You might think of anorexia and bulimia as adolescent disorders, but it's a problem plaguing adults, too. Anorexia, in which people have an intense fear of gaining weight and drastically restrict their food intake, cuts across ethnic and socioeconomic boundaries. But it strikes mostly women: About 90% of those with the condition are female, and about 20% of women still struggle with it into their 30s and beyond.
While there's no hard data on how many adult women have symptoms of anorexia, the National Eating Disorders Association (NEDA) says that body image dissatisfaction is a risk factor for clinical eating disorders. And it's on the rise in midlife women, more than doubling from 25% in 1972 to 56% in 1997, according to the most recent data available from NEDA. In fact, about 30% to 50% of teens who have anorexia don't recover by their early to mid-20s.
What causes anorexia? The latest research shows the illness has more to do with your brain than with societal influences or the way you were parented. "When people with anorexia get hungry, their brains are not getting the right signals," explains Walter H. Kaye, MD, professor of psychiatry at the University of California, San Diego School of Medicine and head of UCSD's Eating Disorders Program.
The Anorexic Brain
Specifically, new brain imaging studies indicate that people with anorexia have abnormal functioning of the serotonin and dopamine systems. Serotonin is a brain chemical that plays a role in satiety, impulse control, and mood, while dopamine causes us to be attracted to positive stimuli. Brain scans have found that people with disordered eating -- and even those who have recovered -- have difficulty discriminating between positive and negative feedback. They are put off by things that most people find pleasurable, such as good food. And being forced to eat only increases the aversion to food.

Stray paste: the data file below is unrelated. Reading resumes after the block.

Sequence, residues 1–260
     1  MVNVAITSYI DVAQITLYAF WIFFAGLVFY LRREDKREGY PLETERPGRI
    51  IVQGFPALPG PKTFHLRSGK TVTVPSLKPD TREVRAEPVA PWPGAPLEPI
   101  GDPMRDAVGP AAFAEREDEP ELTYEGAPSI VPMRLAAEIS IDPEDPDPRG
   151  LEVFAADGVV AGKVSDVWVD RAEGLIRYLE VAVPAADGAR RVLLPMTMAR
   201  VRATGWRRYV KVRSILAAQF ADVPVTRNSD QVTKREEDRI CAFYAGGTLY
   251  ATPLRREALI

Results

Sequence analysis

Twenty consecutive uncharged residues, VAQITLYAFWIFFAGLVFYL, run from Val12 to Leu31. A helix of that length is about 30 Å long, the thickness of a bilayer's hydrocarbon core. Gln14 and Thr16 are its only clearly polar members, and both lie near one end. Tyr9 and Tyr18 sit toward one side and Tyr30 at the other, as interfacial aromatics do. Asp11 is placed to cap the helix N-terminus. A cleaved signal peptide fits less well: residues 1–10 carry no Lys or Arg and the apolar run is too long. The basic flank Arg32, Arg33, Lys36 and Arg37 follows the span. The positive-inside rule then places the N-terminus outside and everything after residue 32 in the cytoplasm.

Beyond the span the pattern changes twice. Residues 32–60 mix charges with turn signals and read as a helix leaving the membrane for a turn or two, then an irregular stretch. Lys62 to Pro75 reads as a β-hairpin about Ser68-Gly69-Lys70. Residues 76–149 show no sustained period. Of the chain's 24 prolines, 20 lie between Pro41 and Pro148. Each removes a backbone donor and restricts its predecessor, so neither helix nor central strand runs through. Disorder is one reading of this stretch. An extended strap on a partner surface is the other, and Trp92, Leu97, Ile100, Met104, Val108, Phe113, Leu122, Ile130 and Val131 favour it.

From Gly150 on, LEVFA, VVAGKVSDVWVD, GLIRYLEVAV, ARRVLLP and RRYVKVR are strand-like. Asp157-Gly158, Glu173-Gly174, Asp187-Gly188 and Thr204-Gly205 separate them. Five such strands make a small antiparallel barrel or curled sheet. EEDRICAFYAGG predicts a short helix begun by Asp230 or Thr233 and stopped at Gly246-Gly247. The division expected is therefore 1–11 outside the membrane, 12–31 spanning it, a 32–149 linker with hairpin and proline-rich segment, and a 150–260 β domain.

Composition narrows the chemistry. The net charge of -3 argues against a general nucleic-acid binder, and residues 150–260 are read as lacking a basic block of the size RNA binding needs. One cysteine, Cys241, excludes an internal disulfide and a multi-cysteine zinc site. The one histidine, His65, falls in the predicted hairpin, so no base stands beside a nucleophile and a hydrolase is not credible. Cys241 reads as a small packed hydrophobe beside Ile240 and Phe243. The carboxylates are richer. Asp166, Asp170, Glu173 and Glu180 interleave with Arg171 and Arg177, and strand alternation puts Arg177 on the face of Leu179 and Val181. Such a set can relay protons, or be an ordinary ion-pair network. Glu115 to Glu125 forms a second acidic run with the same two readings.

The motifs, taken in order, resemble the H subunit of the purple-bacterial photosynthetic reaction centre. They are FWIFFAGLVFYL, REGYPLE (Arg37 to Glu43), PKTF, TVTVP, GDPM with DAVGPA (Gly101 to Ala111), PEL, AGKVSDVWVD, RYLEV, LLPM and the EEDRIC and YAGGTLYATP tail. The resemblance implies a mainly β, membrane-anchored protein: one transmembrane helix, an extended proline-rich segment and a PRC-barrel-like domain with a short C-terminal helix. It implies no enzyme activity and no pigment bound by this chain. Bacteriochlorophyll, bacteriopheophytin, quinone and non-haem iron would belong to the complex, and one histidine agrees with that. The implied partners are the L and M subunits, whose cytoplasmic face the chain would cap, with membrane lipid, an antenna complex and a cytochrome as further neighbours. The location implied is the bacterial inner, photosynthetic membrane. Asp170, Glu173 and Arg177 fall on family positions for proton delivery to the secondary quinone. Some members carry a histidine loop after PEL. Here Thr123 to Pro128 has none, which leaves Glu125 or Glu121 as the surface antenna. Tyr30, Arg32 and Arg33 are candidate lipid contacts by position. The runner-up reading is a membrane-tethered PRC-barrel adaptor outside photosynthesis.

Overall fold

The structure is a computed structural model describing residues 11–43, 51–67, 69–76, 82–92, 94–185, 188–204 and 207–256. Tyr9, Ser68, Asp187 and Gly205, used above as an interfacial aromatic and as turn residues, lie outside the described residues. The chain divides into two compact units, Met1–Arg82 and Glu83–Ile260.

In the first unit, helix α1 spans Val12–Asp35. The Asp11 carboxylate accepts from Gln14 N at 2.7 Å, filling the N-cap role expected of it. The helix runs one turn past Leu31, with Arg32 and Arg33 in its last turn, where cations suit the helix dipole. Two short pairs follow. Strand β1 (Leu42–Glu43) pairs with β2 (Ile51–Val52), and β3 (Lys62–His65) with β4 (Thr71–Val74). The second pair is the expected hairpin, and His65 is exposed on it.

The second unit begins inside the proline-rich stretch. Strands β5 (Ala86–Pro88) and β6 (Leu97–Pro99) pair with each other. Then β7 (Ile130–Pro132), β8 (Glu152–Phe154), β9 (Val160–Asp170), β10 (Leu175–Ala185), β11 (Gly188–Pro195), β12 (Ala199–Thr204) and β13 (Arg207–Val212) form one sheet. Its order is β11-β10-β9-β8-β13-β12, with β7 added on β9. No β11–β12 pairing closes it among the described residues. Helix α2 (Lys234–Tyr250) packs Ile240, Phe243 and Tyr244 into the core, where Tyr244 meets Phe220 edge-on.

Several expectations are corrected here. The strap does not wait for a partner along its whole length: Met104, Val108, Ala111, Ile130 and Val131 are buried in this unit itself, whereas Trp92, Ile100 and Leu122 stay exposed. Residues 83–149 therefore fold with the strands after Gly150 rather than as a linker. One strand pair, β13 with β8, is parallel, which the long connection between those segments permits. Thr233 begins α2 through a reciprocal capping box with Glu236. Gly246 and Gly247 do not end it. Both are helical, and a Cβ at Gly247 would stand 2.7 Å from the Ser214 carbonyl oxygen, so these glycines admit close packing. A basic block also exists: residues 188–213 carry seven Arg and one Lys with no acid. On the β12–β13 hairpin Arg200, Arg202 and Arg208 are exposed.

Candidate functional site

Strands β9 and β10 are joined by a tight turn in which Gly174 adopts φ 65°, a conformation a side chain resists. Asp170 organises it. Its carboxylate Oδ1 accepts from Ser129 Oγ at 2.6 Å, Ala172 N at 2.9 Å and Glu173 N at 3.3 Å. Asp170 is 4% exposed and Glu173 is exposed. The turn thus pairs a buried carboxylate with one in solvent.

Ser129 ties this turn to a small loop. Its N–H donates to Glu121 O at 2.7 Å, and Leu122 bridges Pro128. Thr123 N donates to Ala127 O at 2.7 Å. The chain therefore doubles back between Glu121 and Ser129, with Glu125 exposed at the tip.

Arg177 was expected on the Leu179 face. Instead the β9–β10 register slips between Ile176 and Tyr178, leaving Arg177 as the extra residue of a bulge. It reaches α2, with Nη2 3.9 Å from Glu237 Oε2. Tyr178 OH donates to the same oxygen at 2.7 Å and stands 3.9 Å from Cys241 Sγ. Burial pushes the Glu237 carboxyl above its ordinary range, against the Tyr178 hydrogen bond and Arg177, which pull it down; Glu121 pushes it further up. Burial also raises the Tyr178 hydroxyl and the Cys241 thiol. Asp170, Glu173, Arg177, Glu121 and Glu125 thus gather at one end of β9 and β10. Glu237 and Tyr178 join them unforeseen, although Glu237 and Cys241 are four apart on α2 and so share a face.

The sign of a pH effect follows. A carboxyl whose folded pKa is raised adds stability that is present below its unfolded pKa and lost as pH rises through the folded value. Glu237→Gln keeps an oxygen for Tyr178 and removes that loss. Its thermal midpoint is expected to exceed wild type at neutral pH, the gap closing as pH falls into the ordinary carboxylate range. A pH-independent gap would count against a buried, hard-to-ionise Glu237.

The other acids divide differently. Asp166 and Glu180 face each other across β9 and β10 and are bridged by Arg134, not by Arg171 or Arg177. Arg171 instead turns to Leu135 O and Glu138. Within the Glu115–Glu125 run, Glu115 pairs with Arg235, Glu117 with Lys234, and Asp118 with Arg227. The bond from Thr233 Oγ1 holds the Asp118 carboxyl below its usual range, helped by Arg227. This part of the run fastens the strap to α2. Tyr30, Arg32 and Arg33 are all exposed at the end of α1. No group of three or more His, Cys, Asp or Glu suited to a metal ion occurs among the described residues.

The persistence of these malfunctions could provide a clue to why the disorder can persist long past the teen years, Kaye says. It's difficult for people with anorexia to maintain healthy eating habits, for example, because hunger doesn't cause them to find food appetizing. Kaye hopes this information will lead to new treatments, such as exercises to increase flexibility in thinking. "These temperaments won't go away," he says, "but we can manage them."
Helping Those With Eating Disorders
Science suggests inherited traits contribute to eating disorders. About 8% of people with disordered eating have a first-degree relative, such as a mother or sister, with anorexia.
If you or someone you know is struggling with an eating disorder, Kaye offers these insights:
Think long term. Recovery may be a long process. Anorexia seems to be related to personality and temperament traits that are rooted in the brain, which remain even after people go into treatment.
Have a family plan. It's not just the patient -- the whole family needs to help with recovery. Family therapy can help others learn how not to trigger anorexic behavior.
Get professional help. As with any disease, people with anorexia can't combat it alone; find a treatment program that meets the needs of adults. Contact NEDA for more resources and information.